Pay attention to the time you eat, it will take about 20 minutes for the satiety signal to go to our brain. Make sure it takes 20 minutes before you finish your meal in a very short time. If you are really hungry, it will distract you, cause you to eat more. So, stay away from devices such as computers, phones, televisions. Just focus on your food. Cut your food into smaller pieces. Be aware of what you are eating by chewing slowly after you take each bite. Focus on the bite you eat. Try to see the effect of each bite on your body.
What Are The Principles of Mindful Eating?
Mindful eating is the center manner among senseless ingesting and limited ingesting, and it’s primarily based on numerous principles.
· Freedom to consume all foods
· Being present while consuming foods
· Honoring hunger and fullness
· Awareness and transcendence of non-hungry cues
· Having body-food congruence
What Are The Three Parts of Mindful Eating?
Mindfulness can be quite effective in your ingesting habits. Mindful eating lets you devour much less and experience your meals more. So as we understand, the benefits of mindful eating can change your life. Plus, feeling comfortable while you nosh enhance digestion and decrease bloating. Here are 3 parts of mindful eating:
· Slowly Chew: Eat with your normally unused hand. If you are left-handed, eat with your right hand. Studies have shown that this way of eating is more likely to be eating slowly.
· Sit Down: Avoid nibbling in the front of the fridge or snacking in your car. Put meals on a plate. You will experience meals greater and consume the proper quantity while you supply drinking your complete attention.
· Eat Without Distractions: Take a conscious bite. Then, smell and taste it. Turn off the TV, don’t watch videos, and remove other distractions.
If you comply with all these, it is possible to benefit from the benefits of mindful eating.
The Connection Between Mindful Eating and Cephalic Phase
There is an initial phase of digestion called the cephalic phase that occurs before we actually start to eat. Cephalic means “head,” so it is not surprising that this initial phase of digestion begins with the brain seeing, smelling, and anticipating food. An example of the cephalic phase happening is when you smell bread baking. Anticipating the delicious flavor of the freshly baked bread causes the mouth to water, preparing you to eat the bread.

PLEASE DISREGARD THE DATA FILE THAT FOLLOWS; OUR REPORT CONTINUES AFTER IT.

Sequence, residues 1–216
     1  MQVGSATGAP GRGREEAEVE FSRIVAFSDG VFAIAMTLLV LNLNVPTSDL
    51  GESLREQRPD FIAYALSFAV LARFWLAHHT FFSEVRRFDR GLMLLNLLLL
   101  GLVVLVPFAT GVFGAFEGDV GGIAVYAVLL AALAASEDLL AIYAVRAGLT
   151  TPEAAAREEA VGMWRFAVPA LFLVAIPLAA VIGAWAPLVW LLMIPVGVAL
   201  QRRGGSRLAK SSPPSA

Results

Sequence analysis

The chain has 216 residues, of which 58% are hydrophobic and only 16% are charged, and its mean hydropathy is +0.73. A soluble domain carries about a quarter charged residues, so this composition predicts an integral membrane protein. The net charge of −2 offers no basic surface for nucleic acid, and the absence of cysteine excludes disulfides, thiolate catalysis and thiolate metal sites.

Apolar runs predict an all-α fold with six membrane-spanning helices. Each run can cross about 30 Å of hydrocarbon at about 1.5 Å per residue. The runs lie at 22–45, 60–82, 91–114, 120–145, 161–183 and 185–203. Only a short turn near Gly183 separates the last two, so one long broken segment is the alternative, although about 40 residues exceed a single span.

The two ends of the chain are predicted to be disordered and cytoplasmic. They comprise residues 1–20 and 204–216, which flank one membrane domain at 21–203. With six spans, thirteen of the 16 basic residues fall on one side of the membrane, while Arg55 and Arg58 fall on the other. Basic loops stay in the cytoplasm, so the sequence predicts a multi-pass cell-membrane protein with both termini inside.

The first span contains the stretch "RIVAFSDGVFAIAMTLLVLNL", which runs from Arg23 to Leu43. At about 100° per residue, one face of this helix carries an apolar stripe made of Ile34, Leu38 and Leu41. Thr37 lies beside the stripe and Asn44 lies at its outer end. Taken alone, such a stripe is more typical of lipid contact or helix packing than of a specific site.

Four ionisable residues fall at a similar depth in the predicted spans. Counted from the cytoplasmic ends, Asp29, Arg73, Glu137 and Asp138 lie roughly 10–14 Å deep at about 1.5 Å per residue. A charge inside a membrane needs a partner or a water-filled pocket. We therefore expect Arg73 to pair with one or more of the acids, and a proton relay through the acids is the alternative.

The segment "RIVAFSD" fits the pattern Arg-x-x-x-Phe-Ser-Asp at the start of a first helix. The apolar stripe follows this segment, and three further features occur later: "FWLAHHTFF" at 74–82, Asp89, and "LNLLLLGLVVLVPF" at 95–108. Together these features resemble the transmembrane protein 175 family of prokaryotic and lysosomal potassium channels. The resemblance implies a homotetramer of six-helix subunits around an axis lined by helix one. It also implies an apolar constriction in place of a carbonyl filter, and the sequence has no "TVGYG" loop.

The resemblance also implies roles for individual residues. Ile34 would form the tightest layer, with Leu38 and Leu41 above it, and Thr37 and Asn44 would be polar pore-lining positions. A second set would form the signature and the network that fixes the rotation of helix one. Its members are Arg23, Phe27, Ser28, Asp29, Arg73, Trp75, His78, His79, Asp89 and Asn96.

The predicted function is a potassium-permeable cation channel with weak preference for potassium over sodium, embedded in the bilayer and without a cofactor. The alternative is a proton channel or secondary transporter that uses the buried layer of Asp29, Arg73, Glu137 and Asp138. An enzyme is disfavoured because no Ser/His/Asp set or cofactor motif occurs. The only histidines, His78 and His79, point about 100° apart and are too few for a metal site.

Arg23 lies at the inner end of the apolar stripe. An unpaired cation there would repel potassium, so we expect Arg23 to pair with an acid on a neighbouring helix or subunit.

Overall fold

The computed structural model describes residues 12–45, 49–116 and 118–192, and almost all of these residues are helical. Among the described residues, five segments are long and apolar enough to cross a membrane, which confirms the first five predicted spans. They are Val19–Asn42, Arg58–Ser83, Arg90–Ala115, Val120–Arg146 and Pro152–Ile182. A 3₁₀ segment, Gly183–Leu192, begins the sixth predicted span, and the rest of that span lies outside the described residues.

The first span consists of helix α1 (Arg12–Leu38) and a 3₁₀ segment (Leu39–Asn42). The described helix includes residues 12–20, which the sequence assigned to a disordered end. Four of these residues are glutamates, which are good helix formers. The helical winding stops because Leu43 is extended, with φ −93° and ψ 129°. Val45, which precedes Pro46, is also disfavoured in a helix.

In this phase, the brain informs the stomach that it should prepare for a meal by initiating a number of digestive activities. The body begins to prepare for the breaking down and absorption of nutrients. Salivation is activated (saliva is used for the initial break down of carbohydrates) and pancreatic enzymes and stomach acids (also used to break food down) are released. The conveyer belt that is the digestive tract begins its rhythmic movement so that nutrients can be absorbed and moved along.
Paying attention while eating assures full digestion as well as full nutritional benefit. It is estimated that as much as 30 to 40 percent of the total digestive response to any meal is due to the cephalic phase. So if we aren’t paying attention to what and when we eat, then we cannot trigger the full beneficial digestive response.
If we don’t eat mindfully, our digestion can be distracted by poor stimulation of the cephalic response. To have a healthy cephalic phase and help our body get the maximum benefit from enzymes, vitamins, fibers and many more substances that it needs to work properly, we should practice mindful eating and be fully aware of what we eat.
Mindful Living Program of TheLifeCo is designed to guide and empower you to cope with modern life and transform the stress which disturbs your physical and emotional well-being, into happiness.